The Federation of American Hospitals is imploring Medicare to give providers more time to repay advanced Medicare loans sent out to help providers facing a financial crisis from COVID-19.
The hospital group launched a new initiative Wednesday called “Time is Running Out” to highlight a 45-day deadline for providers to repay loans even though many are still struggling financially.
“For most hospitals, this deadline is fast approaching, well before experts expect a return to pre-pandemic patient volumes or revenues, and as many communities are experiencing spikes in COVID-19 cases,” a report from FAH said.
The Medicare Accelerated and Advance Payment Program gives providers loans in the form of advanced Medicare payments and they have a year to repay them. However, hospitals must start repaying the funds within 120 days by forgoing any Medicare fee-for-service payment.
While the program’s loans helped keep providers afloat, “if the loan repayment terms aren’t fixed, the lifeline could become an anchor that sinks the recovery of hospitals across the country,” said FAH President and CEO Chip Kahn in a statement.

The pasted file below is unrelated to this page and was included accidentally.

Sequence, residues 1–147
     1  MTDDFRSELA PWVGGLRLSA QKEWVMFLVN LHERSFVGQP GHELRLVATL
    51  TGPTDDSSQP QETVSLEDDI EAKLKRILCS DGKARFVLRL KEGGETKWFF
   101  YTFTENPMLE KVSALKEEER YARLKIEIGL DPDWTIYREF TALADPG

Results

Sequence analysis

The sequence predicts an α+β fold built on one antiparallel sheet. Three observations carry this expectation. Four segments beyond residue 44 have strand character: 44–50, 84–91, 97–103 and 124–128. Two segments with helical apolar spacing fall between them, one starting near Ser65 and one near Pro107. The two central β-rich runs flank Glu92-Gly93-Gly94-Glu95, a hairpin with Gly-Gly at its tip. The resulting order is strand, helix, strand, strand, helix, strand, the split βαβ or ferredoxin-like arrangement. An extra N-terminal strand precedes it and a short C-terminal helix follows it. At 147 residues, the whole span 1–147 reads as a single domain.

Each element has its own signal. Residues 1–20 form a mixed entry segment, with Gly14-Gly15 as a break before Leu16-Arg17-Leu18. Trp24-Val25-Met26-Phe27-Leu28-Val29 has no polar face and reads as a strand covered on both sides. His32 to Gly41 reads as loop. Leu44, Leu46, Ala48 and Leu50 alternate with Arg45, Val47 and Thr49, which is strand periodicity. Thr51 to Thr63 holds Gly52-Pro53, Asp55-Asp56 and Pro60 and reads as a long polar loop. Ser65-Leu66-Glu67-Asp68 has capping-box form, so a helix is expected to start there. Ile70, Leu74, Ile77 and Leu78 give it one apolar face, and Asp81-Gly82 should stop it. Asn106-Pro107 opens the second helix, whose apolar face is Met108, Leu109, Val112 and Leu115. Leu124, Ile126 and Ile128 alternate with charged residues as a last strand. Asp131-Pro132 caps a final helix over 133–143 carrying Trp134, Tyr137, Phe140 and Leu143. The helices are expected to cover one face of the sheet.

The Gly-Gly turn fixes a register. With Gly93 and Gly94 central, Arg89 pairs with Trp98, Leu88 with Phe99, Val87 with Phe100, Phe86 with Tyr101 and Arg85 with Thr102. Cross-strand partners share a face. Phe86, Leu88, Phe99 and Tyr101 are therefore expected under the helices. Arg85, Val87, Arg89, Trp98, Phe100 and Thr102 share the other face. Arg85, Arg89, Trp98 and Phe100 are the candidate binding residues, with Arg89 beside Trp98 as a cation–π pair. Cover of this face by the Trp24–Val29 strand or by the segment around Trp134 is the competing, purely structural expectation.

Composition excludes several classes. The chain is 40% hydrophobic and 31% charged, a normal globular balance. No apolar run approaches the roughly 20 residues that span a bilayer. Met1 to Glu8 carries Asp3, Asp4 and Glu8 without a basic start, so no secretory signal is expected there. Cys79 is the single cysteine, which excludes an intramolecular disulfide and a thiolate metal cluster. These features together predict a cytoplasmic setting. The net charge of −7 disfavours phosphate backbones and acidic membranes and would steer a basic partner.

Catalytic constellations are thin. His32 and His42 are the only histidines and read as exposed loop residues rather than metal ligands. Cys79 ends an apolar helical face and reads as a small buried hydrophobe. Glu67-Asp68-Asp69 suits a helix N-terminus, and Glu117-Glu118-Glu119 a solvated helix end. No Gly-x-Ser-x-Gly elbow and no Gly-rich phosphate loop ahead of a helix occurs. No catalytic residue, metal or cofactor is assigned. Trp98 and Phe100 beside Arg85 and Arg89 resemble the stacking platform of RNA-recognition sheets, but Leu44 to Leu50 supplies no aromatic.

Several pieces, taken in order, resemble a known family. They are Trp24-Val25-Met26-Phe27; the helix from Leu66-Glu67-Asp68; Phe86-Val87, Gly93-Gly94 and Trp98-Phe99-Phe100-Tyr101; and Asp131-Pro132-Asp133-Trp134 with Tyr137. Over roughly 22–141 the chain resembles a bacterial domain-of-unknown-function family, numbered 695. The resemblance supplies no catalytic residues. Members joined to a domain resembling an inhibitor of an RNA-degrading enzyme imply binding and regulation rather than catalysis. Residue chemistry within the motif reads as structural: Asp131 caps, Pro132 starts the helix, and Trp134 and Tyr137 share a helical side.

FAH wants Congress to make a series of changes to the payment program, including:
- Extending the start of the repayment of loans from 120 days to a year.
- Reducing the amount of repayment taken from each Medicare claim from 100% to 25%.
- Authorizing loan forgiveness if there is major hardship.
- Waiving the interest rate now at 10% or limit it to more than 1%. The interest rate goes into effect if the loan hasn’t been repaid in one year.
- Increasing the amount of Medicare payments that can be given to hospitals from three to six months.
- Resuming the advance payment program that was suspended in late April.
But it remains unclear when Congress will take up the issue.
Congress has passed $175 billion in relief funding to providers. However, the Senate has not taken up a $3 trillion House bill that gives another $100 billion to providers.
The Centers for Medicare & Medicaid Services gave out $100 billion in advance payments to providers who have been wracked by plummeting patient volumes and the cancellation of elective procedures due to the pandemic.
CMS said back on April 27 that it was suspending the advance payment program to reevaluate the amounts that will be paid under it.